In a bizarre and unclear twist, the tables have turned and Diallo herself seems now to be the criminal. Resulting in a smear campaign which has greatly damaged her credibility and led the NY District Attorney’s office to file for a dismissal of the charges against Strauss-Kahn. Dropping this case, in spite of the insurmountable evidence against the IMF chief throws a major blow to the injustices served to women everyday- who become victims twice-over as justice fails them in the face of men of power.

Is it not enough that there is ample evidence to not only legitimize the allegations against Strauss-Kahn, but possibly to convict him? Is it not enough that awaiting him in France are other cases where women claim to have been sexually assaulted by this same man? Is it not enough that women bear the brunt of these types of attacks daily and most-afraid to speak out against their attackers-suffer in silence?

Are we to remain silent? Are we to do nothing? Should we stand by in apathy and wait for this injustice to reach our homes, our mothers, our sisters, our daughters? Where is the collective outrage? The demand for justice?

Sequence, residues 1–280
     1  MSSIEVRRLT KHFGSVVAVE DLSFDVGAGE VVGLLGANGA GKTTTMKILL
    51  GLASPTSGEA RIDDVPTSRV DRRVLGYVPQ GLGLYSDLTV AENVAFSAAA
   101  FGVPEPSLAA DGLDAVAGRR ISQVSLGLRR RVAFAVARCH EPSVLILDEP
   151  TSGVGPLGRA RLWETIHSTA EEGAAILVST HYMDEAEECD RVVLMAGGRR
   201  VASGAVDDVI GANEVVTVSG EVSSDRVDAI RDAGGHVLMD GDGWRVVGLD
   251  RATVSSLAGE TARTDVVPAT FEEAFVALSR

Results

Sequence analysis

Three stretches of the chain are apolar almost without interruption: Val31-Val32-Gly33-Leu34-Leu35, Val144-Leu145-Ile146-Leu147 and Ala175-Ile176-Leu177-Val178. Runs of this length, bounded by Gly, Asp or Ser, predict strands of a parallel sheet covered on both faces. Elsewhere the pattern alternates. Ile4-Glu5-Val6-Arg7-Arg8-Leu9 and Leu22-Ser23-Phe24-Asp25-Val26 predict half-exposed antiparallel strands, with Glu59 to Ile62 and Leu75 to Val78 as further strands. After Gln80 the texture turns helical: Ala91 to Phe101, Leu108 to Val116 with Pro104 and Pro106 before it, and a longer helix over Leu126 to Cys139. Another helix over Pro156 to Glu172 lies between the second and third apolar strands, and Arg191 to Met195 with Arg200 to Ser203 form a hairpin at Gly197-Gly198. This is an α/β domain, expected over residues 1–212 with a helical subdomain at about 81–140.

Speak out- let the world know that as men, husbands, fathers, brothers, sons… we will not tolerate the violation of any woman, any where… by any one. In silence, we invite this tragedy to re-occur. Raise up our women and we raise up ourselves.

In solidarity with you Nafissatou Diallo.

-Fahamu Pecou


Episode 47: Soaring to new Heights

It is a wonder how the small things carry the most weight in life. I remember from my childhood, the anticipation of going to Prospect Park in Brooklyn with my father to fly kites. Typically we would make our kites at home the night before. Using brown craft paper or newspaper and balsa wood, string and Elmer’s glue, my father and I would work together to make the kites, he giving me tips along the way.  Since my Mother was always sewing clothes for someone, we would get a piece of cloth for the kite’s tail from her supply of fabric scraps.  The night prior to flight was filled with excitement as I imagined how high my kite would fly the next day.

The following morning we’d go to the park and my dad would instruct me on the proper way help the kite gain flight. He guided me in gauging the wind for lift and recognizing the direction it was blowing.  Once our kite was off the ground, he’d let me hold the string and all I could do was look up at the sky as the kite soared to higher and higher heights.  I wondered what it must feel like to fly.